Victor Davis Hanson

So how did the Allies get from the beaches of Normandy to Germany in less than a year? Largely by overwhelming the Wehrmacht with lots of good soldiers and practical war materiel. If German tanks, mines, machine guns and artillery were superbly crafted, more utilitarian American counterparts were good enough -- and about 10 times as numerous. Mechanically intricate German Tiger and Panther tanks could usually knock out durable American Sherman tanks, but the Americans produced almost 50,000 of the latter, and the Germans less than 8,000 of the former.

Over Normandy, British and American fighter aircraft were not only as good or better than German models but were far more numerous. By mid-1944, Germany had produced almost no four-engine bombers. The British and Americans built almost 50,000 that by 1944 were systematically leveling German cities.

Winston Churchill and Franklin Roosevelt were far more pragmatic supreme commanders than the increasingly delusional and sick Adolf Hitler. American war planners such as George Marshall, Dwight Eisenhower and Alan Brooke understood grand strategy better than the more experienced German chief of staff. Allied field generals such as George S. Patton and Bernard Montgomery were comparable to German legends like Gerd von Rundstedt or Erwin Rommel, who were worn out by 1944.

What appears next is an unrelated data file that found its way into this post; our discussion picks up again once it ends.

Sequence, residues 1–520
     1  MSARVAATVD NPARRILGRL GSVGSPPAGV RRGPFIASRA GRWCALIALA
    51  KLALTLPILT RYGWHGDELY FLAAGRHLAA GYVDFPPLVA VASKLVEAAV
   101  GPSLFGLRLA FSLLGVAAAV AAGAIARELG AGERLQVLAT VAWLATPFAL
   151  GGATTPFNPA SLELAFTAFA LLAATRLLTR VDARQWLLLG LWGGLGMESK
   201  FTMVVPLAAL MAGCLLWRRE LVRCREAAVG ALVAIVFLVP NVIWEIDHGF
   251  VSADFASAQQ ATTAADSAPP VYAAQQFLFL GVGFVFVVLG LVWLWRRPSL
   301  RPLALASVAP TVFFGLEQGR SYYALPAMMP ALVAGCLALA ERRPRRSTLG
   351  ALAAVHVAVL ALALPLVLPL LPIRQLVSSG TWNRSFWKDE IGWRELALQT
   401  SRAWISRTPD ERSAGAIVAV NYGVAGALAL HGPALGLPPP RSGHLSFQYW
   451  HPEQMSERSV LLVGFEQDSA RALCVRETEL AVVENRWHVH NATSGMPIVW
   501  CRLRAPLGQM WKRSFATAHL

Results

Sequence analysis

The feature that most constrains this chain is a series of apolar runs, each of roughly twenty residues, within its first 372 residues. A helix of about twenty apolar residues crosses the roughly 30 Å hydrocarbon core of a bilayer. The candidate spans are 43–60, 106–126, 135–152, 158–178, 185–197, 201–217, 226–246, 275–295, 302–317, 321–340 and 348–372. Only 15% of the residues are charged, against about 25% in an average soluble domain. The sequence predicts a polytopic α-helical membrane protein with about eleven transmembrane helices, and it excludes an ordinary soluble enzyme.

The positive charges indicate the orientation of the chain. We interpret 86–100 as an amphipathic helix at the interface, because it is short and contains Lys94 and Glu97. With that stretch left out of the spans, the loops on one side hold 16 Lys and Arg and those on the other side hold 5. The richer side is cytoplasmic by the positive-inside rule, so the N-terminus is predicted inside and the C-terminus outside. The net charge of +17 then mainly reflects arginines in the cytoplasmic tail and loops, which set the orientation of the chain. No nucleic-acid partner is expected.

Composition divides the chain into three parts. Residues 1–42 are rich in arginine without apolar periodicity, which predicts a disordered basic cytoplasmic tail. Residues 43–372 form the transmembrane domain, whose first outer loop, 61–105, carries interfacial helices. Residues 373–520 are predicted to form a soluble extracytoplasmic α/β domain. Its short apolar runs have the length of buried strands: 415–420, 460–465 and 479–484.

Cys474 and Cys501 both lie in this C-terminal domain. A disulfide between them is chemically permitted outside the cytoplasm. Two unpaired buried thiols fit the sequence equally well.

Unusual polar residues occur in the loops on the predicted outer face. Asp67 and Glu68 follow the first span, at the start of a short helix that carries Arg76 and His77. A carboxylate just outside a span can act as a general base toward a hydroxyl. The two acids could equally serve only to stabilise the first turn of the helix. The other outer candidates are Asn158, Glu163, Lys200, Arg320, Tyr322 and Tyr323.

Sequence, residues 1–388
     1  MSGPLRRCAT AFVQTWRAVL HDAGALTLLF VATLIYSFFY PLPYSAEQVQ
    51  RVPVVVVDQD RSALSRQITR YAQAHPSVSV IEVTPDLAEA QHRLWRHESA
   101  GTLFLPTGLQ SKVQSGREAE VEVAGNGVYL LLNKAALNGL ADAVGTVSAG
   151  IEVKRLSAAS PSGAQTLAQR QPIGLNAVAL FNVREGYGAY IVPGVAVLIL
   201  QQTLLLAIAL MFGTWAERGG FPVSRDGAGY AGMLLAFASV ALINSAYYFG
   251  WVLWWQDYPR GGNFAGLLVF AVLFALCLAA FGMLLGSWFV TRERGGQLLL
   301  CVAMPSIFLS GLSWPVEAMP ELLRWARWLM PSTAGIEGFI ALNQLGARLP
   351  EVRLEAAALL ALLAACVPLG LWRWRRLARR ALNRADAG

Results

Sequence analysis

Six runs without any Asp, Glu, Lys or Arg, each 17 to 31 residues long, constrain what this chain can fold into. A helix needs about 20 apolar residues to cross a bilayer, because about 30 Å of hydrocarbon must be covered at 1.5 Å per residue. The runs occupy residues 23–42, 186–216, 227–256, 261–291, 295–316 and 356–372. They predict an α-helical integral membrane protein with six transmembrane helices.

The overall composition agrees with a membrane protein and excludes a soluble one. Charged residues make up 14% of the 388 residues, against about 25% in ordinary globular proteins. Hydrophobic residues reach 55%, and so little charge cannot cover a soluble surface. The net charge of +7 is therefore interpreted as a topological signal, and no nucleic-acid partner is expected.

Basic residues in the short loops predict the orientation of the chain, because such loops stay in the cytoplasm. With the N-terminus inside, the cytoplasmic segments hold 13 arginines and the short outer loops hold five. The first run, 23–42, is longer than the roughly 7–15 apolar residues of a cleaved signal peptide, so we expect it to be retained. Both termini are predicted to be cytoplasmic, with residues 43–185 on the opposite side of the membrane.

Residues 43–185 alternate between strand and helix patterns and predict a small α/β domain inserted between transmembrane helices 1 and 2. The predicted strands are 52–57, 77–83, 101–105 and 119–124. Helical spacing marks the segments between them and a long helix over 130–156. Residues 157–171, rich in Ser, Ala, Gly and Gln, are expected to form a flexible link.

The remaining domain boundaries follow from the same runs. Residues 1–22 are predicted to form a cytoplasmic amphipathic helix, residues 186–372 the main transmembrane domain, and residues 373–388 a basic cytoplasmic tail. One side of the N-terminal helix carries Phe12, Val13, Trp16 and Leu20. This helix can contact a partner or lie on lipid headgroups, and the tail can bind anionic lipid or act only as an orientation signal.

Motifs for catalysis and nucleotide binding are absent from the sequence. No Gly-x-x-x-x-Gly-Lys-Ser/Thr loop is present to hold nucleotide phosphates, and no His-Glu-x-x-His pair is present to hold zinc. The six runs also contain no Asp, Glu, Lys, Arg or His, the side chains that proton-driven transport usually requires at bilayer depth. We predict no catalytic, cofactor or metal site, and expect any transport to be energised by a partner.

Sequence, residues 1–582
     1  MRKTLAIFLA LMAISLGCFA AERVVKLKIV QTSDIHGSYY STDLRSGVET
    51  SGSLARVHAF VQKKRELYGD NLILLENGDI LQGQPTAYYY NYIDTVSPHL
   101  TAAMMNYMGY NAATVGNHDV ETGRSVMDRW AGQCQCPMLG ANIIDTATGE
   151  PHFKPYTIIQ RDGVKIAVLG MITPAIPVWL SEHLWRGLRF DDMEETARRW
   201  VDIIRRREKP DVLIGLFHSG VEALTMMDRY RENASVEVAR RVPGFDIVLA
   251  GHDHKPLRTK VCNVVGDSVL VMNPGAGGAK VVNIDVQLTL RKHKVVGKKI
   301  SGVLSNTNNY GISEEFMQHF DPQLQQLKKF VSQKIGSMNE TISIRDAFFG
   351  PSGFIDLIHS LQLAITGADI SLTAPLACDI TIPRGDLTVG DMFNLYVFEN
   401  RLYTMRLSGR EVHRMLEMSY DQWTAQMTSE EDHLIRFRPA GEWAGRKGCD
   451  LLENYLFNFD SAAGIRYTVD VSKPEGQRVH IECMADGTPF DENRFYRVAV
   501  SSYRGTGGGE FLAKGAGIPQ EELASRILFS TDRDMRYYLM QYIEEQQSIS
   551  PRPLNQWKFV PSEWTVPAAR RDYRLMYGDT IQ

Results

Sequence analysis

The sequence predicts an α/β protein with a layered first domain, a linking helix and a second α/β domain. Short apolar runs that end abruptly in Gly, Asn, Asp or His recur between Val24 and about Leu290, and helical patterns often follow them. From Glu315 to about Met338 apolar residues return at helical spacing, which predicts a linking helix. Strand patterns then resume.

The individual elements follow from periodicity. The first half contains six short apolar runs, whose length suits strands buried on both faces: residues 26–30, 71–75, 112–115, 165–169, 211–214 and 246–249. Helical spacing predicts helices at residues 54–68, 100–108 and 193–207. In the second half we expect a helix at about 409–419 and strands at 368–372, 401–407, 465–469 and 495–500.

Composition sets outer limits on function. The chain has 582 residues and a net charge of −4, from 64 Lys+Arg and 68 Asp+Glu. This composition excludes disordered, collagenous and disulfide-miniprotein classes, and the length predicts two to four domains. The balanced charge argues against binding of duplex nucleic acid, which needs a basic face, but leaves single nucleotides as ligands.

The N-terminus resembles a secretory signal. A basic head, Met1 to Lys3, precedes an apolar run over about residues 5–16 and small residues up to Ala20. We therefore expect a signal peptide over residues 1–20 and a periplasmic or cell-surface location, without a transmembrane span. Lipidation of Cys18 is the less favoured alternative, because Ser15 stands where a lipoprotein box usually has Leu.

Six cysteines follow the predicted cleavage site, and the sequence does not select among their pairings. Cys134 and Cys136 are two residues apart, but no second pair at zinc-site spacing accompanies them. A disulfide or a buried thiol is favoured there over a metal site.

The German soldier was the more disciplined, experienced, armed and deadly warrior of World War II. But his cause was bad, and by 1944 his enemies were far more numerous and far better supplied. No soldiers fought better on their home soil than did the Russians, and none more resourcefully abroad than the British Tommy and the American G.I., when bolstered by ample air, armor and artillery support.

Omaha Beach to central Germany was about the same distance as the Russian Front to Berlin. But the Western Allies covered the same approximate ground in about a quarter of the time as had the beleaguered Russians.

D-Day ushered in the end of the Third Reich. It was the most brilliantly conducted invasion in military history, and probably no one but a unique generation of British, Canadians and Americans could have pulled it off.


Victor Davis Hanson

Victor Davis Hanson is a classicist and historian at the Hoover Institution, Stanford University, and a recipient of the 2007 National Humanities Medal.


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